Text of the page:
Monday, September 29, 2003

Rapid prototype printing may someday delivery parts from your computer!

Imagine this. You're on a long trip and your car breaks down out in the middle of nowhere. Blown fuel pump. So, you pull out your laptop and your 3D printer, open up a CAD drawing and "print" up a new one! In a few hours, you're back on the road.

An Astronaut on Mars needs new navigation boards since his were damaged in a recent electromagnetic storm. With the nearest parts store thirty-five million miles away, he just clicks "print" and his 3D printer does in minutes what would take a rescue mission up to a year and billions of dollars to provide - spare parts.

Sounds far fetched, but it could happen. In fact, it could happen NOW.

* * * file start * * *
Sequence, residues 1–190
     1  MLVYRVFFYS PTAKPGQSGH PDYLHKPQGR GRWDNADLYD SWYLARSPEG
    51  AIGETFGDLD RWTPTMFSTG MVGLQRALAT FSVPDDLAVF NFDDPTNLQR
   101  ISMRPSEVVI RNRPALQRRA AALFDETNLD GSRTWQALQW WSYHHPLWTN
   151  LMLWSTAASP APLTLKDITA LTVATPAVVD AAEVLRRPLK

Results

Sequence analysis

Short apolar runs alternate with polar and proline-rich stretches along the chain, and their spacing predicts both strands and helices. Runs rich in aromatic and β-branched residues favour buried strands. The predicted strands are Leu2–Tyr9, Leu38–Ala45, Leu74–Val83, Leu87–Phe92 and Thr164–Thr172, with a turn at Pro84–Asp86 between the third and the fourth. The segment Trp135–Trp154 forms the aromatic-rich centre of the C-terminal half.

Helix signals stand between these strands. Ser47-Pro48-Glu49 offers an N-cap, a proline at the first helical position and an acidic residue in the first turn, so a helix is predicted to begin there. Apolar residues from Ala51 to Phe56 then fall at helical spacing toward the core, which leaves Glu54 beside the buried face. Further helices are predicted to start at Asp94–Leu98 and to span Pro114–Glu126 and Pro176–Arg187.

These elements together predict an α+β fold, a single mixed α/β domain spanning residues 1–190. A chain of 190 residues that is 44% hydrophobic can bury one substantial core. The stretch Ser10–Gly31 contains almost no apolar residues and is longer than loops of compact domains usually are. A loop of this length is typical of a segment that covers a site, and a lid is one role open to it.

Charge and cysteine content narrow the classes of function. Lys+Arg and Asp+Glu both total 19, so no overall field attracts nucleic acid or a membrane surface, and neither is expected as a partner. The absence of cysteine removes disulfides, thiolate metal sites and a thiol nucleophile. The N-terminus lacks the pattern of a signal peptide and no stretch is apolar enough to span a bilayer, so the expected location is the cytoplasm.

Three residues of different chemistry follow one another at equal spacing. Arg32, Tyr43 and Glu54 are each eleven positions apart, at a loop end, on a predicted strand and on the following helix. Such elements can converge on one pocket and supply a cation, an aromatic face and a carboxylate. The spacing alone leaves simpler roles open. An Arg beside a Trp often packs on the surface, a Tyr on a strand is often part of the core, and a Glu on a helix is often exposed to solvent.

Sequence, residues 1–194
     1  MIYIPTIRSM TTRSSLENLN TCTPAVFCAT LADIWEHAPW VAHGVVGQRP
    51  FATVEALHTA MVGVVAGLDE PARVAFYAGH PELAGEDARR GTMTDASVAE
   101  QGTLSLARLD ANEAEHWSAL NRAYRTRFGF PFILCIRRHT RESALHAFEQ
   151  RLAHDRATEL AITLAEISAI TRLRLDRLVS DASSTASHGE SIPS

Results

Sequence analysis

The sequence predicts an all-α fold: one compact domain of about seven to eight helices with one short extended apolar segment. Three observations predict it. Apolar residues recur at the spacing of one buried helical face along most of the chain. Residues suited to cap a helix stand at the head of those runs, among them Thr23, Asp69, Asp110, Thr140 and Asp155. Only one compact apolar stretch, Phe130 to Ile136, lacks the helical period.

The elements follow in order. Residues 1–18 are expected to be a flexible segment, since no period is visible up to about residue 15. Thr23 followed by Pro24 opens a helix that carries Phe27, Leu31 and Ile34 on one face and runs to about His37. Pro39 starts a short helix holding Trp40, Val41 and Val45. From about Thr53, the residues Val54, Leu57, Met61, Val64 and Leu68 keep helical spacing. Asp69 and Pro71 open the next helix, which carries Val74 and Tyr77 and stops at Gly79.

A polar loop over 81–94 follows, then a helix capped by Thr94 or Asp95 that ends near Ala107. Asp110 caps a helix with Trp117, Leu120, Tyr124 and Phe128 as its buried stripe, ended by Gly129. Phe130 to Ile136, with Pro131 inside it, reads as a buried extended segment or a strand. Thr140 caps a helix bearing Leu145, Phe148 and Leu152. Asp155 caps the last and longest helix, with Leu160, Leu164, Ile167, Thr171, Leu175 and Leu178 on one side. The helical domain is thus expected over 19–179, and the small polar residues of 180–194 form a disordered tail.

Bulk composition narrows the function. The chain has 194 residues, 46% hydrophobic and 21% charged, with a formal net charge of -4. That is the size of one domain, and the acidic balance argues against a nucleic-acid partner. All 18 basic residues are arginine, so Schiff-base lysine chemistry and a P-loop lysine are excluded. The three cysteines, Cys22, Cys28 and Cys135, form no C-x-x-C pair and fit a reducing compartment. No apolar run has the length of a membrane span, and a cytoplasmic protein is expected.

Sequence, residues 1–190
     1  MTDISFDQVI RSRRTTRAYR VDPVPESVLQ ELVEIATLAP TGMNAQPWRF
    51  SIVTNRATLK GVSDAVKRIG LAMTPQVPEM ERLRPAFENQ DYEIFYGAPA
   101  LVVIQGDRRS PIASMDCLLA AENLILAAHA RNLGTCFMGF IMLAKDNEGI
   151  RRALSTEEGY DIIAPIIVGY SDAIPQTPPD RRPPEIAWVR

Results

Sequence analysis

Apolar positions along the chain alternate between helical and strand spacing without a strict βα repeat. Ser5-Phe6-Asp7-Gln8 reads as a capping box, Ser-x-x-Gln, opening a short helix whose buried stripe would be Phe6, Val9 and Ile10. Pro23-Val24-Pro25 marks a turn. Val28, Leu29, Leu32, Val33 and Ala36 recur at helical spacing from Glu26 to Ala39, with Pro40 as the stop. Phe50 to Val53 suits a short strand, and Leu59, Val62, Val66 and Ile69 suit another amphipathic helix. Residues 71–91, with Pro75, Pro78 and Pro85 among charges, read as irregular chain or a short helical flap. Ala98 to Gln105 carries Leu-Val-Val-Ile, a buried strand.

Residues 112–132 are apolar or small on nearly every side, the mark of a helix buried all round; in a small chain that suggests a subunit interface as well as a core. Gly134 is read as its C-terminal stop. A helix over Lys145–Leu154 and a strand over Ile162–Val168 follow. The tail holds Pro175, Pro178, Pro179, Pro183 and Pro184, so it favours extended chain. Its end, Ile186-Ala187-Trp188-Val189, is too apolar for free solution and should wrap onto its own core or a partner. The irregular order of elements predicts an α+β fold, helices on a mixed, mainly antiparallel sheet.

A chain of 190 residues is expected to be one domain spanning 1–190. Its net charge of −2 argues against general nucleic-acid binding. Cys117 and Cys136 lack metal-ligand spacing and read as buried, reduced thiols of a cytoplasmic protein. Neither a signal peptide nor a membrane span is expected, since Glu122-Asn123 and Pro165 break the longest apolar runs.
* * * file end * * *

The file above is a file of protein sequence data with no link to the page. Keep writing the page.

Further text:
CNN TECH has a story about 3D printers named "Santa Claus machines," which can use a process called "rapid prototyping" to literally "print" a three dimensional shape, out of anything from starch, plastic or even metal.

The technology prints layer upon layer of conducting and semi-conducting polymers at the same time building up the piece of equipment being made. The process is called "flexonics" and is accomplished by using a print head similar to a deskjet design which "sprays" a dust onto the next layer and then mixes it with a bonding liquid before moving to the next layer.
The result is a true three dimensional object.

Next on the list of this emerging technology is electronics, as researchers seek to achieve the printing of electronic circuitry in an object. Such a breakthrough may make form, and function truly one in the same.

Flexonics could revolutionize everything from manufacturing to information. And coupled with "on-demand" flexibility could make wharehousing of parts a thing of the past.


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